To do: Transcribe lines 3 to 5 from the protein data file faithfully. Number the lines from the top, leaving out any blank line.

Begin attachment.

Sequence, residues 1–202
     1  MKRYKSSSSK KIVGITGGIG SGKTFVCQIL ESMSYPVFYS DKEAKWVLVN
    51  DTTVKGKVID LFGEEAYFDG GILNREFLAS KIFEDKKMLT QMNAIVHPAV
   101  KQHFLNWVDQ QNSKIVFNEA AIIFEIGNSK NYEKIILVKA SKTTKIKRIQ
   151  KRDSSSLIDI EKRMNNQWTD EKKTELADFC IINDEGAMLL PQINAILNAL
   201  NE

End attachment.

    51  DTTVKGKVID LFGEEAYFDG GILNREFLAS KIFEDKKMLT QMNAIVHPAV
   101  KQHFLNWVDQ QNSKIVFNEA AIIFEIGNSK NYEKIILVKA SKTTKIKRIQ
   151  KRDSSSLIDI EKRMNNQWTD EKKTELADFC IINDEGAMLL PQINAILNAL